I might be misremembering but I understand that the XHA1 is a little different from most cameras in this regard, in that switching the inputs to line level actually does not bypass its preamps. Instead, it switches in an inline pad before the preamp to take the line level it's being fed and knock it down to mic level, then it goes on to the preamps for reamplification. Seems a very weird way to do it but I understand that's how Canon chose to go with this camera. Possibly the rational was it's cheaper than putting in two separate recording amps, one optimized for mic level input and the other for line level input.
Whatever, using it the way I described it (line level from SD302 and pots fully open) I got over 90 dB S/N ratio, using mic level from SD302 and reamplification I got 80 dB S/N ratio.

A no-brainer to me.
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Old January 8th, 2009, 07:09 AM   #43
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Steve,

I'm pretty sure a lot of cameras do that now. Engineering in a pad is easier than a separate signal path around the preamp.

Regards,

Ty Ford
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Old January 8th, 2009, 10:16 AM   #44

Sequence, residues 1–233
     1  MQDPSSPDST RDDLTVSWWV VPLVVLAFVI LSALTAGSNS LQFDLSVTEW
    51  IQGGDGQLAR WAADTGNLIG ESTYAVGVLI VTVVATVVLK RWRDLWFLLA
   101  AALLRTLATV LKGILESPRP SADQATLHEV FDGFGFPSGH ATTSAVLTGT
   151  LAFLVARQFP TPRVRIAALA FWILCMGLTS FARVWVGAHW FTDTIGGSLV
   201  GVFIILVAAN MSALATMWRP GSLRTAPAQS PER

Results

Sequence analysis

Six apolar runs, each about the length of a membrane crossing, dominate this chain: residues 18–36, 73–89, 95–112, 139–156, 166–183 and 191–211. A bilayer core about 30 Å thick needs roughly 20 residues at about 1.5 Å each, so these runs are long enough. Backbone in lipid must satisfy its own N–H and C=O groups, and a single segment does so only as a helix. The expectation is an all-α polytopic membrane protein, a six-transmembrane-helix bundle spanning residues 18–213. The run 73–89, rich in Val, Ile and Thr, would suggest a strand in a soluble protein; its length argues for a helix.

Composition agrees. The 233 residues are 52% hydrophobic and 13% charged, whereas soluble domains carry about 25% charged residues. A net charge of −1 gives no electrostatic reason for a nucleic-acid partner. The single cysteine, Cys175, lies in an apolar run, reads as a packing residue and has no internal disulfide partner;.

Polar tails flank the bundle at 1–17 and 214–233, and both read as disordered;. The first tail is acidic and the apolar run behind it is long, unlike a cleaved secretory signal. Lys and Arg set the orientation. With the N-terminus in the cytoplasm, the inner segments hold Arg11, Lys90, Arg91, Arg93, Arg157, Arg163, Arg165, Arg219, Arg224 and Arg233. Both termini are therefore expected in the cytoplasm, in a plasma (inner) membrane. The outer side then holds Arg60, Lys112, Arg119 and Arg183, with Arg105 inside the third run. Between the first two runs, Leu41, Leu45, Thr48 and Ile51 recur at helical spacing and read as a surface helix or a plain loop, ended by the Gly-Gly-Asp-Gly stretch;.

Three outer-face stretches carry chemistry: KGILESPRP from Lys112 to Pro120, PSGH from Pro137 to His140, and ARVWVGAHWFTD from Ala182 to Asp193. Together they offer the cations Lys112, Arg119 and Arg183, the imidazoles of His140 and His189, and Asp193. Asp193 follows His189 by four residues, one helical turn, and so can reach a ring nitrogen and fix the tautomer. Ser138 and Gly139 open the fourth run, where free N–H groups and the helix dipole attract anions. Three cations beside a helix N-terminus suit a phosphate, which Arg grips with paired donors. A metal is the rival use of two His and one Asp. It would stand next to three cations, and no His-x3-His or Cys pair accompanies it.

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Quote:
Originally Posted by Ty Ford View Post
Steve,

I'm pretty sure a lot of cameras do that now. Engineering in a pad is easier than a separate signal path around the preamp.

Regards,

Ty Ford
The 302 mixer does the same thing on its inputs as well. Also, Ty I think the 302 comes out of the box set for line level not mic. Of course as you've described in other threads the level can be lowered to mic via the software.
Thing to remember about the Canon XH1. The pots are attenuators so as you turn them to the left you are increasing the amount of gain going into the camera. This is counter intuitive to most audio people as we all know that Up is usually Louder. The sweet spot marking on the meter on the side of the camera is at -12. Don't set your tone to that mark. There is a -20 mark that is smaller. You want to set your tone to that. If you go to the -12 mark you will have 8 db less headroom and could easily distort on peaks. Also use the 302's vu plus peak reading setting so you can accurately see what the camera is getting. Petri is dead on in his assessment of how to work with this camera.
I know you are fully aware of all this Ty, just wanted to add some clarity.
Cheers,
Bernie
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Old January 8th, 2009, 10:33 AM   #45
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Hey Bernie,

Thanks for that. I don't know that about the Canon input controls. That's whacked!

Regards,

Ty